Barber spares no details of his journey, from growing up in a single-parent home with Tiki, whom he seemed to be one step behind in the evolution of their careers.
Tiki was the first to start at Virginia, while Ronde redshirted. Tiki started at running back with the Giants, while Ronde was inactive for nearly every game as a rookie.
“We were always tight, we always had easy conversations,” Tiki says in the film. “In fact, my mom used to tell us we would have our own language, and it really wasn’t. It was just mumbling.”
The two did everything together. “Every avenue we walked hand-in-hand,” Ronde says.
The divide occurred in 1997, when Tiki was drafted in the second round by the Giants and Ronde went in the third to the Bucs.
“I think it was tough for Ronde at first,” John Lynch says. “I had been there for four years. Derrick and Warren Sapp had been there for two years, and we had just really started to go to Pro Bowls and all that. Ronde wanted so badly to be one of the guys, but it was already established that they started to call us the Big Three, and I think he was the guy going, ‘Wait, why can’t it be the Big Four?’”
Barber’s only start came against the Cardinals, and he was burned for 146 receiving yards. “And all of them were on me,” Barber says.
That experience fueled Barber, who didn’t expect to play again as a rookie. But defensive backs coach Herm Edwards started Barber in the division-round playoff game at Green Bay.
Barber never looked back, growing as a player and putting down roots in Tampa Bay. He married wife Claudia and shares that she had two miscarriages before having their two girls.
“My story is unbelievable,” Barber says. “But the unbelievable part is I got to go through it with the woman I married and am still in love with.”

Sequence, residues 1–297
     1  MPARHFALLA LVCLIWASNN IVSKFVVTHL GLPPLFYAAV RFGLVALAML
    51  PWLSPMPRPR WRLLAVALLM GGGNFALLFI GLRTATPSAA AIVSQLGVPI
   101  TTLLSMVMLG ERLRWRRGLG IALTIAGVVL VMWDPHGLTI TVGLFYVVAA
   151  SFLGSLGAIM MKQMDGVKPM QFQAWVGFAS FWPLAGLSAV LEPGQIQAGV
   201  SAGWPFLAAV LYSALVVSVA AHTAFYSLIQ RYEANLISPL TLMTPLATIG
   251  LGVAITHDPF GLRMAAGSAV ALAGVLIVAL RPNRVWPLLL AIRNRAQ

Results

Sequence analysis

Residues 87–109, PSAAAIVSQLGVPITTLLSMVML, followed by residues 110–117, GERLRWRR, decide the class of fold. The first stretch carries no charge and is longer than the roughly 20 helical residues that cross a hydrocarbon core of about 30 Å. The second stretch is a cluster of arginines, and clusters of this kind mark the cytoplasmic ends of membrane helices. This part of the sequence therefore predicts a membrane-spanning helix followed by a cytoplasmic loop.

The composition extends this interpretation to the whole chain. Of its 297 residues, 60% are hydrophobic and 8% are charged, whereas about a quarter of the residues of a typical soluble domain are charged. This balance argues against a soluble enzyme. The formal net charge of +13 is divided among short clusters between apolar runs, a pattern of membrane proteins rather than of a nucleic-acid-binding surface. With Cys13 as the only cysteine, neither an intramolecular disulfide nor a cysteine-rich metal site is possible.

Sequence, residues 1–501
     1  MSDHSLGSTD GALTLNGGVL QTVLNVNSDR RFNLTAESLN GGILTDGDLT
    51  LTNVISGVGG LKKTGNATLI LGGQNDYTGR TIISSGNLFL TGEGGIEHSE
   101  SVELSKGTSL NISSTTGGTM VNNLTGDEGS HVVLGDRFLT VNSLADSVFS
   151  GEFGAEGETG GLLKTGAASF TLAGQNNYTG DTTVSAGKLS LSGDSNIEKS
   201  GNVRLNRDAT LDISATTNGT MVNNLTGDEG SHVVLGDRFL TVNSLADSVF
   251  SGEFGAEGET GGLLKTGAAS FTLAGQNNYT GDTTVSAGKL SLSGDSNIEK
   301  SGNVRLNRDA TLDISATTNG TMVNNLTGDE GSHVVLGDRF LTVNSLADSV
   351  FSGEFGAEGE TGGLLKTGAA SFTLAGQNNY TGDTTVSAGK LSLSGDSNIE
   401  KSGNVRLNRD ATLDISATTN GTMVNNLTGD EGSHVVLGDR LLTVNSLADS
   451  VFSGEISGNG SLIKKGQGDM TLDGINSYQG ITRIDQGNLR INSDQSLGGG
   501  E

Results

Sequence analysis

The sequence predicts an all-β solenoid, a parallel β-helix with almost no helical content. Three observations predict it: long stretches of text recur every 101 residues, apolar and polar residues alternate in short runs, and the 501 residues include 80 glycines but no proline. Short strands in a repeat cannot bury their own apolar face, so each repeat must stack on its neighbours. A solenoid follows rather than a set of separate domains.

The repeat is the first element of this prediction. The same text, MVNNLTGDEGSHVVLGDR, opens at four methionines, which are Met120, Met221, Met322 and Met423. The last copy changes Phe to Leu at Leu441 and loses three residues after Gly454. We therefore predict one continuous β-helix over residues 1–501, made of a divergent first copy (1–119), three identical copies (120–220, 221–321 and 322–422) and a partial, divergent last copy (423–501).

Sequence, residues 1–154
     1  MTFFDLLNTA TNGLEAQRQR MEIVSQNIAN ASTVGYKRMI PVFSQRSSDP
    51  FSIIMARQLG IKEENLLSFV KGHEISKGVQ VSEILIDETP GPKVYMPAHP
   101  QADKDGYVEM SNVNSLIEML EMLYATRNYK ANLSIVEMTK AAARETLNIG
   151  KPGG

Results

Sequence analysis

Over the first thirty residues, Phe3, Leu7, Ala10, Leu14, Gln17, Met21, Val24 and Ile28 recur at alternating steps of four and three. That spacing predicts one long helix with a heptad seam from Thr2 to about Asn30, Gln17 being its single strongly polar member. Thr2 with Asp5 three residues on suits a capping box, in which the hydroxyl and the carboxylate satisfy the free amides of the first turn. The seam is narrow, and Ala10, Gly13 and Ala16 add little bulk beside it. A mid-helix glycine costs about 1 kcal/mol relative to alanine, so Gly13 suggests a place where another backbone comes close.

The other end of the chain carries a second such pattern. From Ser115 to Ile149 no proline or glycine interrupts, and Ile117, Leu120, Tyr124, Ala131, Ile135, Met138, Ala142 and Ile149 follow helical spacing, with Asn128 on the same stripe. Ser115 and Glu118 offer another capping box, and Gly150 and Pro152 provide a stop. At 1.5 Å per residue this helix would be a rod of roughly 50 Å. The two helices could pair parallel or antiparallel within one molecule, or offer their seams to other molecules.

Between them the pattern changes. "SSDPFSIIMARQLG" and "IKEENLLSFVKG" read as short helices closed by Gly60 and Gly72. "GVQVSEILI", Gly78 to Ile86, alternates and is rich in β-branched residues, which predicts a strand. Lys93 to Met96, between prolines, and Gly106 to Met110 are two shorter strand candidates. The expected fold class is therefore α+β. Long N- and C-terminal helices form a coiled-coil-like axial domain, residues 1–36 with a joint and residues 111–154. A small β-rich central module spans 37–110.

The highlight of the film — and of Barber’s career — is given an ethereal feeling in the film. His 92-yard interception return against the Eagles in the NFC Championship Game following the 2002 season still is considered the greatest play in Bucs history.
“Ronde’s play, the pick-six at Philly, it’s the favorite play of mine as a teammate, as a fan,” Brooks says.
The postscript was that Barber was playing with a torn right posterior cruciate ligament and a broken hand. He played in 240 consecutive games, the last 215 as a starter.
Barber admits his last season with the Bucs, coached by Greg Schiano, wasn’t much fun. He says he started to have “buyer’s remorse.”
The event Wednesday ended with a roundtable with Barber, Sapp and Brooks. There was some good-natured ribbing between teammates. They talked about how John Lynch, after getting into the Pro Football Hall of Fame, worried if his election would impact Ronde’s chances.
“My family means everything to me,” Barber said. “My mom is my rock. She always has been. But through the years, my family has grown substantially. My family is here. These guys are my family.”
The night ended with Barber being asked what he was most proud of? “I’m most proud of being a pain in the Eagles’ ass.”
• • •
Sign up for the Sports Today newsletter to get daily updates on the Bucs, Rays, Lightning and college football across Florida.